Women physicians, at all stage of their careers, cite having a mentor as a “very important” key to a successful career. These mentors unlock the doors of the structures that bar us from entry. They bring about opportunities that help us to advance.
While this sounds like a viable thesis, I think it is too simple and begs the several issues of why women must approach mentorship in a totally different way from men. The assumption that the current model for mentoring of our male colleagues from time immemorial will be as effective for women, may lead us down another misguided path with results we didn’t expect or want.
What do women physicians need from a mentor?
What obviously comes to my mind first is a doorman. Someone to open the right doors at the right time, usher you in, help you carry your baggage (even when it is really heavy) and clean up the mud that you have left from your shoes because you weren’t careful and stepped in too many messes. Let’s face it, with women’s lib, we aren’t so accustomed to having someone of either sex help us, pick up after us, and take care of us. After all, we are strong, we are woman!
Women physicians also often need a work-life integrator. When we face ourselves and our biological imperatives (for some) to have families, figuring out how to make it work so we can continue to work, a doorman is probably not the best solution. So we need a coach, someone who has been there, done that. Sounds like we need another person, someone with very different skills.
Next, we need an emotional guide—someone can reassure us constantly (and it is a constant battle) that we are not crazy when we see that our behavior (as women surgeons in particular), is judged by different criteria. This “gender stereotyping” gets us going and coming. If we have a difficult case and a bad outcome and try to keep going without letting it show that it is eating us up inside (and believe me, it always does), we are cold and uncaring. But if we take the time to openly mourn, we are not tough enough for the job. “If you can’t stand the heat, get out of the kitchen,” is how it’s commonly put.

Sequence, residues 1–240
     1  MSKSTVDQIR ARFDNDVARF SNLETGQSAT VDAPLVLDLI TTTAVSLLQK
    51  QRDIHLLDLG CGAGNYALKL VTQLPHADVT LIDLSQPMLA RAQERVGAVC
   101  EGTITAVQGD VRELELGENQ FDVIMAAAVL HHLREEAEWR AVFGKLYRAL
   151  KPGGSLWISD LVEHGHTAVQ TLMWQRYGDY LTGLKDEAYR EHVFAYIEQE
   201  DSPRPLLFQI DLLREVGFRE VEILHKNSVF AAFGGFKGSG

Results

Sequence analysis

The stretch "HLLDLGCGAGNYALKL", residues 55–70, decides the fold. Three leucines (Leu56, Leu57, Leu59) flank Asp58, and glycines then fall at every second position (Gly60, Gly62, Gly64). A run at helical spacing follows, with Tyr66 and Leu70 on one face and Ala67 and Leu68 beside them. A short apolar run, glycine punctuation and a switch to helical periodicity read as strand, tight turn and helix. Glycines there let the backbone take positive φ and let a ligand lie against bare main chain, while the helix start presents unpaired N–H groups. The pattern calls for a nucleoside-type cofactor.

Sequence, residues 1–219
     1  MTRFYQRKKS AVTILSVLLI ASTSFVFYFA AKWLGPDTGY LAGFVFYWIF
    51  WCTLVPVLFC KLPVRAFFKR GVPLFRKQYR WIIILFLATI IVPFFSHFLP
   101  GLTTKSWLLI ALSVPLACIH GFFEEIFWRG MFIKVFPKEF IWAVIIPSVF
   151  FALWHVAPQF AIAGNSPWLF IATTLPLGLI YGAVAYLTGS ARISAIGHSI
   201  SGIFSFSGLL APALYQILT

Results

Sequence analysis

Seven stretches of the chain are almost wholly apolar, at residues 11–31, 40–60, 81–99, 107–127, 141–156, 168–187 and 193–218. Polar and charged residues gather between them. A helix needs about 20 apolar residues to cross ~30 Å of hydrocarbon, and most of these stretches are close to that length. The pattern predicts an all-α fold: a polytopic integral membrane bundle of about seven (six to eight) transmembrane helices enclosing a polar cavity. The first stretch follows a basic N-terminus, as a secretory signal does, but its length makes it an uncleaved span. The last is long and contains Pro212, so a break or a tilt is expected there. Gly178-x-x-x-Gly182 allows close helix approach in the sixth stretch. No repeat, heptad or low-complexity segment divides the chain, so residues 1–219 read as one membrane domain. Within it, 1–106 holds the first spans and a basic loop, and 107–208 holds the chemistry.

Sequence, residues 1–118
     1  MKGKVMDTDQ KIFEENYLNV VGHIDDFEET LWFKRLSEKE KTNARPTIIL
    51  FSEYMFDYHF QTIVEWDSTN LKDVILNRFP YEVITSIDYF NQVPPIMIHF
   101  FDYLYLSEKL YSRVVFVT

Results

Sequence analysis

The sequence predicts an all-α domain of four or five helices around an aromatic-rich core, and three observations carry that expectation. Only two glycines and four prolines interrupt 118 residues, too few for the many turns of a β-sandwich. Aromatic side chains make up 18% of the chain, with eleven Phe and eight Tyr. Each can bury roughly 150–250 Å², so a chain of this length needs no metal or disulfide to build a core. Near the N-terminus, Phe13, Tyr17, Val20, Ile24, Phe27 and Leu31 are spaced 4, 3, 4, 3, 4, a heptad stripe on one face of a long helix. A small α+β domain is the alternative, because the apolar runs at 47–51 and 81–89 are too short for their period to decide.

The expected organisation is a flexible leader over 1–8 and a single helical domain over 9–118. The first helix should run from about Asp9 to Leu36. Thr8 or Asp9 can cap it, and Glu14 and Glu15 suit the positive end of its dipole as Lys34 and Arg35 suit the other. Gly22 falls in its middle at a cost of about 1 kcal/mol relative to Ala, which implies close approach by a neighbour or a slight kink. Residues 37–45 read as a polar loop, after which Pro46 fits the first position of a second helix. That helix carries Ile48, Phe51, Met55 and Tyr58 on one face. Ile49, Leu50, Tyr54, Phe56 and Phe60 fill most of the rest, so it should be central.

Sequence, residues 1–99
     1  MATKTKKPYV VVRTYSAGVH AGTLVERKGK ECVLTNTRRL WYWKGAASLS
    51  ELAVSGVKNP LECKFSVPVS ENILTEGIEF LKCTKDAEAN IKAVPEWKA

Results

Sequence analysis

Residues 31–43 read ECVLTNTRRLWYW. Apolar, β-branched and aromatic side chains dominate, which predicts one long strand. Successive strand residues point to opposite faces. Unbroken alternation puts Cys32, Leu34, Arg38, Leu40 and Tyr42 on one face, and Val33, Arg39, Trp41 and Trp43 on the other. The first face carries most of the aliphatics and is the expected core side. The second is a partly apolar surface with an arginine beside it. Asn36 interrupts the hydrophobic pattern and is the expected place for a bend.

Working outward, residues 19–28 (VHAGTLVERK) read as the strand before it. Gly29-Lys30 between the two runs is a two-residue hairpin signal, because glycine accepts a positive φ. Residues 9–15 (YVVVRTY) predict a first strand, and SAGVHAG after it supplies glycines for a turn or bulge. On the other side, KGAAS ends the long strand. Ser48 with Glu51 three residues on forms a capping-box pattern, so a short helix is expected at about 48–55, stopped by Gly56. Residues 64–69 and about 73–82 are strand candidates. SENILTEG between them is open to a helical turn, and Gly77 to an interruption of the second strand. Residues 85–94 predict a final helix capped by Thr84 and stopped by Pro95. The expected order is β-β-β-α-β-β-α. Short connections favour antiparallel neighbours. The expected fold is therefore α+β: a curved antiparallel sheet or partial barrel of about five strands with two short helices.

And then all the other litte things a mentor usually is expected to do—help with career path decisions, set research goals, provide teaching opportunities, advise on contracts, help find jobs and training opportunities, and so on and so forth. Maybe a fourth person or even a fifth, maybe not—sometimes doormen can multi-task, but don’t get your hopes up too high.
Clearly, not one person is going to fulfill all of these roles. That’s why finding “a mentor” is not what we need. We need to find many mentors, in the plural. Seeking and sustaining these relationships is hard work in the face of our already limited time.
Doorman, coach, adviser, teacher, and sympathetic ear—all the roles a mentor needs to play when the mentee is a woman. Let’s relieve ourselves of the notion that we need “a mentor” and start thinking about how we create the many relationships we, as women physicians, will need to be successful in our chosen life path. And for this to work, we have to create for ourselves and for our male colleagues, a culture of mentoring so that everyone gets what she/he needs and deserves.
Post script: I am blessed to have had a wonderful male colleague as my lifelong mentor, Dr. Robert Ruben. He is indeed a unique individual. Not everyone is so lucky. And I would feel really badly if he happened to read this post and didn’t see himself as my doorman, my emotional coach, my life guide and my teacher and friend!